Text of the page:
Like approximately 11,999,999 other people on this planet, I play World of Warcraft. At least, I have before, and almost certainly will again, though my account is currently inactive. I've never been a hardcore player... the game wasn't released until after my first child was born, so I've never spent 13 hours straight raiding like I did in my EverQuest days. But I have a max level main and a level 70 alt, plus a couple other fairly high-level characters. I mostly play with my husband, though that's more a matter of convenience than anything else; when a child may have an emergency at any moment, it's good to have someone around to auto-follow.
So we decided to go to Blizzcon this year. Friends were going, and it seemed like a good idea. It may even have been one, but that's not what I'm writing about here. Those who know of Blizzcon, have been before, or follow it at all, may have heard this year's wasn't as good as prior years. I have no idea; this was my first one. I privately refer to it as Glitzcon. It was very shiny, but not particularly useful. I may get sucked into Diablo III. But I digress.
During the WoW open Q&A, a female human asked something very much like: "I really love that the game contains all these strong female characters, and I'm glad that you've included women who are clearly leaders. I was just wondering, is it possible that in Cataclysm [the upcoming expansion], there may be some that don't look like they just stepped out of a Victoria's Secret catalog?"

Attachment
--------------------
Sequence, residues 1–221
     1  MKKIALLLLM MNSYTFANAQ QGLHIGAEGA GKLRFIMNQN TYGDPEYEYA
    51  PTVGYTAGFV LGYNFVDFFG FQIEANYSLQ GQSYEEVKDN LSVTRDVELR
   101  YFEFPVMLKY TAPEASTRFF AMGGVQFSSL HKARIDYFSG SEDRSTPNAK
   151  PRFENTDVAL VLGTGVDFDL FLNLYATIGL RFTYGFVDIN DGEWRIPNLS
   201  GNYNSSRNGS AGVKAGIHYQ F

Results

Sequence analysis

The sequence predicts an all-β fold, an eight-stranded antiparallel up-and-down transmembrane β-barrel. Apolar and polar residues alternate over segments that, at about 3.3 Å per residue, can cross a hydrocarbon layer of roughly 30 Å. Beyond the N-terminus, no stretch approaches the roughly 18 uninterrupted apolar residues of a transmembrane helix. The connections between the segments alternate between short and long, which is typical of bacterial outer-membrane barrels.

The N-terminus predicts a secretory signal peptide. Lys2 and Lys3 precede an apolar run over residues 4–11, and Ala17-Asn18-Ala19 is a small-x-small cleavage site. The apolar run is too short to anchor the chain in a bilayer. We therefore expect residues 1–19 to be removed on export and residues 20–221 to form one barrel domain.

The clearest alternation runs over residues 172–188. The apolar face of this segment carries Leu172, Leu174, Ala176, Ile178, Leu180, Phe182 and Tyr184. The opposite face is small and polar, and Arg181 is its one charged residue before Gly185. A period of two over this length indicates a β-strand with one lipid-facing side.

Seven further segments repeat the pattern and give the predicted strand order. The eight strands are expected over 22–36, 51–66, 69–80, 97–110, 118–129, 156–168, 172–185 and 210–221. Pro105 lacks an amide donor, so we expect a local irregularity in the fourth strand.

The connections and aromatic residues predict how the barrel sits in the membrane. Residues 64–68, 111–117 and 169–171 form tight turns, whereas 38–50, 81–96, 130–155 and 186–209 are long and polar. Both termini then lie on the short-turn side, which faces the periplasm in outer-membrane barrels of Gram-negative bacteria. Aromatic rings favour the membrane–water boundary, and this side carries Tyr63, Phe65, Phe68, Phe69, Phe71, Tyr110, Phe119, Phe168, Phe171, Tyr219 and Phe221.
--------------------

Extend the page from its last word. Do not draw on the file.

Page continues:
First crowd reaction: cheers. Those voices were female. Secondary reaction: boos. Much louder, as those were the male voices... which made up roughly 75% of the audience. One guy nearby shouted, "Hey, it's FANTASY!"
Which is the justification: don't take it hard, honey, because this is fantasy. And it is. And frankly, I'm not so bothered by the laws-of-physics-defying bustiers and long belts in place of skirts.
What bothers me is that the guys are all fully dressed.
And this is about something bigger than a game, or even a genre of games. Feminism has long placed undue emphasis on the way women are perceived, represented, and portrayed. But the problem isn't how women are dressed or scripted... it is the difference between how women and men are displayed.
In your next journey through World of Warcraft or a similar game, look around you. See how many glistening biceps and totally cut pecs you see on display. Count the briefs, loincloths, and cut-offs sported by unrealistically beautiful manly men. Inventory the six packs, the open vests, the torn shirts.
You'll only need one hand, I bet.
And why is it like that? Well, here's a guess: it may have something to do with the demographics of the folks making the game. Of the five lead artists, designers, coders, etc. on stage, five were men. And they know what men want: to know that their sexuality is unquestioned. They do NOT want to be confronted with sexy male figures when they're trying to relax! That's gay, or something.
So why is it expected that women should be comfortable with the same thing? Sauce for the goose is sauce for the gander. (Which apparently means that if we kill you, pluck you, chop off your head and feet, and cook you, no one cares whether you're male or female, just how you taste with gravy.)
Last I heard, nearly half of WoW players are female. As half of people are female, this suggests there may be some untapped market out there. It may be time for the designers to break themselves out of the tautology of [most players are male] ∴ [all eye candy is female] ∴ [most players are male].
And while we're at it, maybe the guys who like to suggest that women are being overly sensitive when they point out these disparities can take a good, hard look at a Google Image Search of construction worker shirtless and see just how comfortable they would be with the shoe on the other foot. I think we've been awfully patient. (Update: or just take a gander at the artwork here.)
/em hopes the Blizzard team doesn't decide to initiate equity with the Goblin race.